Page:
A new twist on a vegetable staple, plus how to keep your pork tender and delicious
Corn on the cob boiled into starchy compliance served with pork chops cooked to a point of being so well-done, they needed sauce to make them palatable. That was summer barbeque food when I was a kid.
The first time I tasted corn on the cob cooked on a barbeque to a tender crisp, I thought it was a new type of corn. And when I discovered that it was a simple technique of leaving most of the husk on the corn, I was hooked.
And the pork. My mother thought that pork needed to be really well-done to avoid trichinosis. Since I’m writing about food, I won’t tell you all about the appetite-losing details of trichinosis, but essentially, it’s a dangerous parasite that humans can ingest if pork, and some wild meats, are consumed raw or undercooked. But the last case of trichinosis in Canada was nearly 40 years ago because our meat is now regularly inspected. Pork can be cooked in such a way to have it be safe AND delicious.
If southern Alberta corn isn’t available on a roadside stand, lots of grocery store corn on the cob can be good, too. I know that produce managers aren’t that keen on people peeling back the husks, but you just need to open it a bit. You are looking for ears with crisp, developed kernels. Then smell it. If it smells like corn, it will taste like corn.
To prepare, I pull off the outer husks and gently open the remaining husks to reveal the silk. Do your best to remove as much of the silk as you can because it burns on the barbeque, then close the husks over the corn again. Soak them in really cold water while you prep your pork.
This time around, we went with country-style ribs (which is a misnomer as there are no bones in this cut of meat) — they contain white AND dark meat and are full of flavour. We barbeque a lot in our house, so have homemade rubs standing by in our spice cabinet (see below for a great recipe!). Generously season both sides of the meat with the rub and let sit for approximately four hours (or, do this the night before for extra flavour).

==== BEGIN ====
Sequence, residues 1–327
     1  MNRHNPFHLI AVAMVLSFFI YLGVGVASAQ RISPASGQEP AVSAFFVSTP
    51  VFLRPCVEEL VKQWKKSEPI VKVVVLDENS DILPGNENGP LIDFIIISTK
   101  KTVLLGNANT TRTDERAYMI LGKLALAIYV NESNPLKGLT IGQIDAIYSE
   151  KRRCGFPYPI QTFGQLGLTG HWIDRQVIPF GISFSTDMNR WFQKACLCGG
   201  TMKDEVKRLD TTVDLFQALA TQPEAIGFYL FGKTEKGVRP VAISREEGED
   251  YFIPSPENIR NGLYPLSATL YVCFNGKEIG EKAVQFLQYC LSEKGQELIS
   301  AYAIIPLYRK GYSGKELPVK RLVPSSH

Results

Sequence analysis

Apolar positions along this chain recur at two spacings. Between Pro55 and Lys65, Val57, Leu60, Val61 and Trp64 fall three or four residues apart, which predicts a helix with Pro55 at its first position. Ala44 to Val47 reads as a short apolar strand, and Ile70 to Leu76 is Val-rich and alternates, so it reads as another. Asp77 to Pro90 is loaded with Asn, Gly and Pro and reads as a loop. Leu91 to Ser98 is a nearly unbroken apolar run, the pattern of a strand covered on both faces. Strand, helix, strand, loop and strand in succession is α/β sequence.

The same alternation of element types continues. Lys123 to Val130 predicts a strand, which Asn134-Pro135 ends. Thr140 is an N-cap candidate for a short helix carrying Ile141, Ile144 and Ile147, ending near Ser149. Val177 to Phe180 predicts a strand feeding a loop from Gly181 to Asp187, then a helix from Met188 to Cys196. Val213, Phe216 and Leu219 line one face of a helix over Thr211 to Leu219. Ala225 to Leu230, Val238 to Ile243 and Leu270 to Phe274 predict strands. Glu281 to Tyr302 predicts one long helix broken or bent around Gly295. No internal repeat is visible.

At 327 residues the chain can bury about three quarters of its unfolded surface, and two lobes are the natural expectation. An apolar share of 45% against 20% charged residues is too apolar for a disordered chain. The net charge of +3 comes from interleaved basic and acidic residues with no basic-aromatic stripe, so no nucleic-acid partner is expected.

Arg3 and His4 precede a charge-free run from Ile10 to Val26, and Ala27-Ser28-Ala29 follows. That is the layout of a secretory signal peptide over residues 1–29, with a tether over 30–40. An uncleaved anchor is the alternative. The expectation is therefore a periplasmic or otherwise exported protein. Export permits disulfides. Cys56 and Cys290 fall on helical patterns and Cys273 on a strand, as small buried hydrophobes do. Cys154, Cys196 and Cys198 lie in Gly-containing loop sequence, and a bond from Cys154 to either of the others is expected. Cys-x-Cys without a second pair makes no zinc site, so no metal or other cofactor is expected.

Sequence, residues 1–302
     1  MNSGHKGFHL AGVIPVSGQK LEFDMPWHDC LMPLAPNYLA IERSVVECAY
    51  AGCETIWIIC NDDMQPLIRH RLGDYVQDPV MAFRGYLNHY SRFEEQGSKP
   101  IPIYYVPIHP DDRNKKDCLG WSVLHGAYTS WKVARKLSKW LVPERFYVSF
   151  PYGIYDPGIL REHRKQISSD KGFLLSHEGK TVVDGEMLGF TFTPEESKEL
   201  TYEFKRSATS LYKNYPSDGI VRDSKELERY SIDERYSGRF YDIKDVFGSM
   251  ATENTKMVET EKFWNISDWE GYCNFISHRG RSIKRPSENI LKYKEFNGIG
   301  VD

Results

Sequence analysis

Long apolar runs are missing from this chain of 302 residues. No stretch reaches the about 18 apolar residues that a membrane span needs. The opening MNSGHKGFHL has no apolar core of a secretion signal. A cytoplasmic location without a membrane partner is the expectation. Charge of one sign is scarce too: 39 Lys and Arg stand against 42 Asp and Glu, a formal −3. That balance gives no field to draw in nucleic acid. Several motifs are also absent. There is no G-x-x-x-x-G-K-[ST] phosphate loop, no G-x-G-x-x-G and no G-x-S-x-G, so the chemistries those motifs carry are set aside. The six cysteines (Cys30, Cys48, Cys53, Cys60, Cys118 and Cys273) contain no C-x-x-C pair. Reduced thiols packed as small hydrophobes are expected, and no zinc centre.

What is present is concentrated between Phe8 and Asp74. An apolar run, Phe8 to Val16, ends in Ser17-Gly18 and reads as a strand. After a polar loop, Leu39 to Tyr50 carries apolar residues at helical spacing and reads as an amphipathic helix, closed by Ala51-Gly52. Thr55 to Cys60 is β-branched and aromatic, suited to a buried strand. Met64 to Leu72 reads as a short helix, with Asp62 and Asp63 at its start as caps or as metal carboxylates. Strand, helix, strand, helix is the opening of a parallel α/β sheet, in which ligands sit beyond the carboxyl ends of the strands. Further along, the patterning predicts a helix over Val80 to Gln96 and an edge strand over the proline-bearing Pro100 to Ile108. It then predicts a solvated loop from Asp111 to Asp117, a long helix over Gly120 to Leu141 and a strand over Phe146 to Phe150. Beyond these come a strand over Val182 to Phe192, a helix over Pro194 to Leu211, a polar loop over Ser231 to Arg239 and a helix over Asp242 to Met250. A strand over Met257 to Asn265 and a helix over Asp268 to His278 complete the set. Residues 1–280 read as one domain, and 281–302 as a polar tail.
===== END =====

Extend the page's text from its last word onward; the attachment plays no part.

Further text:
Before you cook the pork on the hot barbeque, let it come to room temperature first. Pork is best cooked “low and slow” but on a busy evening, this is a great meal that comes together in about 30 minutes. Sear the pork on both sides on a hot barbeque for two to three minutes each side (flipping once!) and then turn the heat down to medium. Depending upon the thickness of the cut, this will only take 25 minutes altogether. When the temperature has reduced to medium, place the ears of corn directly on the grill for 12–15 minutes. Turn a couple of times.
The pork is done when its internal temperature reaches 145°F, but remember the temperature will continue to rise after removing it from the heat. Easy-peasy. Add whatever salad you are loving at the moment, and supper is ready.
3 tbsp white sugar
Pinch of cayenne pepper
1 tbsp each of:
• chipotle powder
• garlic powder
• onion powder
• celery salt